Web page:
Is it possible to put required DLLs inside an egg?
    Yes, but they have to be adjacent to any Python extensions (.pyd's) that
    use them.
    Good to know, thanks.

    But how can I create such a egg?
    And if this is possible, what do you think is the reasons why packages
    like pyqt do not release such eggs?

    1. A primary reason people have for using bdist_wininst installers is
    uninstall support, and this approach will leave dependencies behind.
    As far as I know, all dependencies are correctly handled.
    Shortcuts are correctly removed by the uninstall.
    But the dependencies installed by easy_install will not get
    corresponding uninstall entries in the Windows control panel, and so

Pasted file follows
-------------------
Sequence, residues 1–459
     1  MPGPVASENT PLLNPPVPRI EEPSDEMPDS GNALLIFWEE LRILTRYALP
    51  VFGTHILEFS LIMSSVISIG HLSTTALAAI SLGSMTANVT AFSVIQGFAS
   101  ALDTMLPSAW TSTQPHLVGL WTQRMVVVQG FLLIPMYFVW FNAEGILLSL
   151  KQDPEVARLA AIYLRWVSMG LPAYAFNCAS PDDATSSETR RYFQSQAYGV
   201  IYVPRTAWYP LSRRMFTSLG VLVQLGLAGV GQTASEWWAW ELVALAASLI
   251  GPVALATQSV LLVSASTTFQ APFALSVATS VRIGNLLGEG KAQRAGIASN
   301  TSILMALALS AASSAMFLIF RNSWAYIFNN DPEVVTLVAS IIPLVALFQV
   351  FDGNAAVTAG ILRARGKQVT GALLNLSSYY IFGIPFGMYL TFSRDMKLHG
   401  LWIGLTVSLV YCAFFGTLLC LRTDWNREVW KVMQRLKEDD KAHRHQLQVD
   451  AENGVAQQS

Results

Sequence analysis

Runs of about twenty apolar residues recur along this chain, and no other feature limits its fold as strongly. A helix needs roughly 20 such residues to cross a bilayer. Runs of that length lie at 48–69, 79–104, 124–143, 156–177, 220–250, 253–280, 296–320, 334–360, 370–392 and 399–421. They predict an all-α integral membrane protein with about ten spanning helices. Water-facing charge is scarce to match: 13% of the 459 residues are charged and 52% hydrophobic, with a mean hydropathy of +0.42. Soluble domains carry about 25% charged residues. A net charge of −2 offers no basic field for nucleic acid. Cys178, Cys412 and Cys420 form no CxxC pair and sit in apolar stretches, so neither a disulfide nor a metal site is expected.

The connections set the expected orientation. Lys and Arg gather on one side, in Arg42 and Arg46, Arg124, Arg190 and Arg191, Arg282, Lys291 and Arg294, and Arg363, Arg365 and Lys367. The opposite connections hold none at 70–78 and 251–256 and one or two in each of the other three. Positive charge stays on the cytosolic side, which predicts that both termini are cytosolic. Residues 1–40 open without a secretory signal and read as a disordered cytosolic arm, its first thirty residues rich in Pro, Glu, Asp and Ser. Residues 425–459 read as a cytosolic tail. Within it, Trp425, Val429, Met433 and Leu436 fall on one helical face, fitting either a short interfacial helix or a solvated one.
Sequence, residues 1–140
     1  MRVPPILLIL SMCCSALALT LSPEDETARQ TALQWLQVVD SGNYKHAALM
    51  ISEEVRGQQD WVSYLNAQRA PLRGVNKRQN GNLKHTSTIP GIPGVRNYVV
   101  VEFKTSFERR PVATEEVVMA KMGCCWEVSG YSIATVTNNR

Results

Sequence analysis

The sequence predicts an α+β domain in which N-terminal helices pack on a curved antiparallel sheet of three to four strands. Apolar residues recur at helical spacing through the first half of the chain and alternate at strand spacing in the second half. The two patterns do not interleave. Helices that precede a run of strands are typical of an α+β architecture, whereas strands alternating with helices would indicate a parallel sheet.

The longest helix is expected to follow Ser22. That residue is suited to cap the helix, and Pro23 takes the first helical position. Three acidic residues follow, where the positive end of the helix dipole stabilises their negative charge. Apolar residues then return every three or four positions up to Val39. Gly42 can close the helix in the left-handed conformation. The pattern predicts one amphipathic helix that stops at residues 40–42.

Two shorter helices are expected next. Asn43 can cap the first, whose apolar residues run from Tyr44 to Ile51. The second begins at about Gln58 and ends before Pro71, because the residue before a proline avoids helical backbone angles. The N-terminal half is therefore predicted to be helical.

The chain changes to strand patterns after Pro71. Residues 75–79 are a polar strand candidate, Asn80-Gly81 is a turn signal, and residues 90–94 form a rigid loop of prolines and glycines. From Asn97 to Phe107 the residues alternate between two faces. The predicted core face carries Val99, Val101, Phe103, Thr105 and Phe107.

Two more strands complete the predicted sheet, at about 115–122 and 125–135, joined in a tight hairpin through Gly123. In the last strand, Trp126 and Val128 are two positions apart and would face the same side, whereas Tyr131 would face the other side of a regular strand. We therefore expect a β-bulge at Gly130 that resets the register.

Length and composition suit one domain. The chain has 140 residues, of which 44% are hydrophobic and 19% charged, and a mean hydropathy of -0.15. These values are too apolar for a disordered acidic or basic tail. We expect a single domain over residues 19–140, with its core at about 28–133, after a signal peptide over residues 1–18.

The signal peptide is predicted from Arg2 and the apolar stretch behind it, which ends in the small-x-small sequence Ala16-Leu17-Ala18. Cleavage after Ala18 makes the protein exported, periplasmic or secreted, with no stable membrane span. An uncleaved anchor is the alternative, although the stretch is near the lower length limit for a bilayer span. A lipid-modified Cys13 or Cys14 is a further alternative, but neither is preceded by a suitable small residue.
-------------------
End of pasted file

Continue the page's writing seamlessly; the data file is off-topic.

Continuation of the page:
will not be uninstalled when the user uninstalls the main application or
    library.
    Ah, right; I was thinking to created shortcuts.

    It should not be hard to track installed dependencies, as an example
    using the --record option of easy_install, and then registering all
    installed files (and directories) with `file_created` and
    `directory_created` functions.

    The only problem is that created directories are not reported in the
    record, but if files are always listed ordered, it should not be a problem.


    Some other related questions:

    * Do you think you can change ez_setup.py so that the code used to
    check if setuptools must be installed is available as a separate
    function?

    I need to check if setuptools must be installed so that I can pop a
    message box.
    For normal package dependencies (and assuming setuptools is